To foster good relationships with Chelsea neighbors and to provide students with opportunities in creative ministries, General Theological Seminary (GTS) has been pursuing a new ministerial partnership with the New York City Fire Department's Emergency Medical Services (EMS). The relationship includes providing first responders in FDNY Station 7, located just two blocks from the seminary, with pastoral companionship, space for events, and invitations to participate in worship in the seminary's Chapel of the Good Shepherd.
During the 2012-13 academic year, two Master of Divinity students, John Bethell and Stefanie Wilson, are pursuing their field education as chaplains to EMS first responders, under the supervision of the Rev. Stephen Harding, an Episcopal priest, FDNY chaplain and GTS alumnus. Another M.Div. student, Andrew Goldhor, is volunteering as a chaplain. Their ministry includes visiting station houses, befriending EMS first responders, accompanying them in EMS ambulances to scenes of emergency, and ministering to individuals and families in crisis.
In the aftermath of Hurricane Sandy, and the nor'easter which beset New York City the following week, the three seminarians were quickly responding alongside emergency medical technicians and paramedics to reach out to those struggling. Once transportation was running, Wilson trekked up to Station 16 in Harlem to minister to the first responders. "One of my roles as chaplain is to listen to their stories, giving spiritual and emotional support to those who do the necessary work of the world. They have a hard job that is emotionally draining and sometimes thankless." She heard stories of climbing 15 floors to aid persons in distress and of carrying a pregnant woman down many flights of unlit stairs. When asked how she was led to this ministry she responded, "Within the gates of the Seminary I have been blessed to work in the Chapel and get a wonderful liturgical education. I wanted to learn more about chaplaincy and how to be with people and walk with them, celebrate with them or cry with them."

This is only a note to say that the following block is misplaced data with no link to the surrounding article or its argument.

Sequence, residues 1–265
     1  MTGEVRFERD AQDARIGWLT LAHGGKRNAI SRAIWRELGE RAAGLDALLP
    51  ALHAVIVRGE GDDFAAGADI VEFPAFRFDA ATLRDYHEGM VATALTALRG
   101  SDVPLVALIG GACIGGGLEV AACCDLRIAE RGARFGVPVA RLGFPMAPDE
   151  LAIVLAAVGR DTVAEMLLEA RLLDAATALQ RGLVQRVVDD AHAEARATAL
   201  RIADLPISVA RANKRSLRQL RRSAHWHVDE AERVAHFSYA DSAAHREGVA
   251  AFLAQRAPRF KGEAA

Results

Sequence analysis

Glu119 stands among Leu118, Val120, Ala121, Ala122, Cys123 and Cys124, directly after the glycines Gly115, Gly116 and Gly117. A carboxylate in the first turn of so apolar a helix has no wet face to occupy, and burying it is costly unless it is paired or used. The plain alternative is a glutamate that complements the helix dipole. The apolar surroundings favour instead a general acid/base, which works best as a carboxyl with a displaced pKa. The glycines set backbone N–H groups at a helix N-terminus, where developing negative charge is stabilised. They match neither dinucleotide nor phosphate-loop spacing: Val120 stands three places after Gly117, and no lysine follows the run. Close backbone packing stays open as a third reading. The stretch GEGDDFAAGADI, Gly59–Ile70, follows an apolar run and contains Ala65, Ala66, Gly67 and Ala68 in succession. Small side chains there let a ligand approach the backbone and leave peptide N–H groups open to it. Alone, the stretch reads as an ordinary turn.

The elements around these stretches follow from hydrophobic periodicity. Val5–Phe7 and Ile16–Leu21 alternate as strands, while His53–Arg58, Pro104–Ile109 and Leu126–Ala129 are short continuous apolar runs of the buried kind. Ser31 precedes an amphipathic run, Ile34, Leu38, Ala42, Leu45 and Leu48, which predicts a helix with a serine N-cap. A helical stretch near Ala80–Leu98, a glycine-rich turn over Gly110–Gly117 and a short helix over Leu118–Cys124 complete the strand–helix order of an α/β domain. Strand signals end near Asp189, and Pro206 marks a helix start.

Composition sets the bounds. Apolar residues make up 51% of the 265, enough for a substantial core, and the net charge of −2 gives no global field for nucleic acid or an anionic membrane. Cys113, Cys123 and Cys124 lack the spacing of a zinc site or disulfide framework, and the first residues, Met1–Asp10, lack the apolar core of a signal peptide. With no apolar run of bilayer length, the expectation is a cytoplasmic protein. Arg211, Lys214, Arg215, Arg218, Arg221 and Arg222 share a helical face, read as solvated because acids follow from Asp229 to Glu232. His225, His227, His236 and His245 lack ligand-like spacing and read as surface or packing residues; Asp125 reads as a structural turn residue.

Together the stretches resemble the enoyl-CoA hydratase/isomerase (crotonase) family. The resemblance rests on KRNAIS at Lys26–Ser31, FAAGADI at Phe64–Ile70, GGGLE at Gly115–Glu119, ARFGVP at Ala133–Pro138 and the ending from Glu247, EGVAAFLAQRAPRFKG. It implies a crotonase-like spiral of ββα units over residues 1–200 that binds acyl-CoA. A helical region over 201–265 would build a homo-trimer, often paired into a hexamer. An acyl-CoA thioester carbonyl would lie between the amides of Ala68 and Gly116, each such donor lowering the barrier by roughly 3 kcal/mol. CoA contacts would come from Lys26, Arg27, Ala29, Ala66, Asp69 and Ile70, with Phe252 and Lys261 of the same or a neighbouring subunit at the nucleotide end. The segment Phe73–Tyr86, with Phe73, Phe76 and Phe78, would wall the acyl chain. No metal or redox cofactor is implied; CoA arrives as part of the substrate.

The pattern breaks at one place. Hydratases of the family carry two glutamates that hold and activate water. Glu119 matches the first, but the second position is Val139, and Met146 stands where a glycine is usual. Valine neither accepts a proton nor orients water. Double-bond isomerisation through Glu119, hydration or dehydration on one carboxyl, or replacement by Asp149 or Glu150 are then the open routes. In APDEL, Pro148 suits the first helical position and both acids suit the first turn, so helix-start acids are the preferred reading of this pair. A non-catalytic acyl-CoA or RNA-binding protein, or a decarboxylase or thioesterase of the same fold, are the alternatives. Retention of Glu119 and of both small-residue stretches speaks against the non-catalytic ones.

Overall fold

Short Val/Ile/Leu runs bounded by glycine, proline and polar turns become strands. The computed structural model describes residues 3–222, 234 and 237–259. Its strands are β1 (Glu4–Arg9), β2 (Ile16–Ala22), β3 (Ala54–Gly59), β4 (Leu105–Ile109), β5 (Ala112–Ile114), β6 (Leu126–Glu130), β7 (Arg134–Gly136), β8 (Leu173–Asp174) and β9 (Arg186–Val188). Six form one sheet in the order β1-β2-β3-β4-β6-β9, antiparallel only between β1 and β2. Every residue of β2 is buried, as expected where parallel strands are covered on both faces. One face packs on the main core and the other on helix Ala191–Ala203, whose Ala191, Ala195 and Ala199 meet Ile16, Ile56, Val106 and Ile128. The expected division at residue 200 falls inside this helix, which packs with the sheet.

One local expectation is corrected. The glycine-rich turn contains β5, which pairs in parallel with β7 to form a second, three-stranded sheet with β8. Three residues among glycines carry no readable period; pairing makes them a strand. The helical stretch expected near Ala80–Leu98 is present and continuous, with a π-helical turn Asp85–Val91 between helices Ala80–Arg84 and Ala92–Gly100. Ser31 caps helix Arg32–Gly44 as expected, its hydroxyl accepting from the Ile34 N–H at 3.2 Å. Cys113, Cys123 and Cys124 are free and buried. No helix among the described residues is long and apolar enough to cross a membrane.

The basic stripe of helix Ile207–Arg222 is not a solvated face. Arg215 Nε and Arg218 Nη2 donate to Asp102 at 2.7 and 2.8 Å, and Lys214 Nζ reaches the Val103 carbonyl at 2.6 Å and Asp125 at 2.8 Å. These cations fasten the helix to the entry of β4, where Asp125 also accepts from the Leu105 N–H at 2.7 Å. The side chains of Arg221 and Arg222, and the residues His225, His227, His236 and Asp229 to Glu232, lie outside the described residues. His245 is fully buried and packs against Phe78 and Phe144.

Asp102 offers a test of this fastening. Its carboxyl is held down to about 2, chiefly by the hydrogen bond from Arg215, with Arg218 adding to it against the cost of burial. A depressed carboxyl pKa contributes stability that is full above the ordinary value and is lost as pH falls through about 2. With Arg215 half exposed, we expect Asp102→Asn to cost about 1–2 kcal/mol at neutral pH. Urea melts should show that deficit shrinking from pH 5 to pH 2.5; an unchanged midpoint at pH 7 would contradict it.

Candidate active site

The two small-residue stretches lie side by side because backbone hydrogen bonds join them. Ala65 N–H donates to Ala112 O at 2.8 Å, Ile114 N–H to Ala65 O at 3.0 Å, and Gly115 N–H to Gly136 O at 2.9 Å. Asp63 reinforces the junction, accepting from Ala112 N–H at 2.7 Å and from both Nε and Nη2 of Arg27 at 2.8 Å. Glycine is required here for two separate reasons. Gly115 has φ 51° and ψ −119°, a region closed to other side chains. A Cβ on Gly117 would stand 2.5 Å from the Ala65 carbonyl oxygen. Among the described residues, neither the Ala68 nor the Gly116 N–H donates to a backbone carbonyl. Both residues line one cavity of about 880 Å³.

Bethell pioneered the field education placement with the FDNY and is now in his second year of ministry. For the Feast of St. Luke the Evangelist, Bethell gave his senior sermon during the Seminary's Community Eucharist and invited FDNY first responders to attend the service. The gospel text was Luke 4:14-21, in which Jesus reads from the prophecy of Isaiah and then proclaims, "Today this scripture has been fulfilled in your hearing." Bethell compared the reconciliation ministry of Jesus, through healing the blind, caring for the poor, and freeing the captives, to the work of the EMS first responders.
"In my work with EMS, I have witnessed women and men turn their daily work into a sacrament: the absolute care given to people in need, to people who are dying. Some of the most forgotten people in our fair city are treated like human beings by total strangers." Many of the first responders are not Christians, he noted, "but by the test of the Gospel, there are those who would never call themselves Christians who follow Christ more closely than we do." Here is a link to Bethell's sermon.
The Prayers of the People for the service, written by Br. Max Kolbe, SSF, an M.Div. Middler, included a special prayer for FDNY first responders:
We remember with grateful hearts those who serve as first responders, especially fire fighters and EMTs, whose vocation often calls them to tend to human frailty. By their inspiration, and by St. Luke's, may we find the grace to serve you through service to others. Lord in your mercy, Hear our prayer.
The prayers also included remembrance of Lenny Joiner, age 31, a paramedic who died last summer on a mountain climbing trip in Colorado, a remembrance meaningful to the first responders who were cared for by the Seminary in the first days of their grief. The funeral for Joiner, an Episcopalian, was held at St. Michael's Episcopal Church uptown and the reception followed at GTS. "It was touching to see how quickly we here at General sprang into action to open ourselves up to another institution to serve Chelsea and beyond," Bethell said. "The reception was well attended with so many who would normally not find themselves inside a religious institution. Here at General, they were welcomed as though this was their home. Because it is."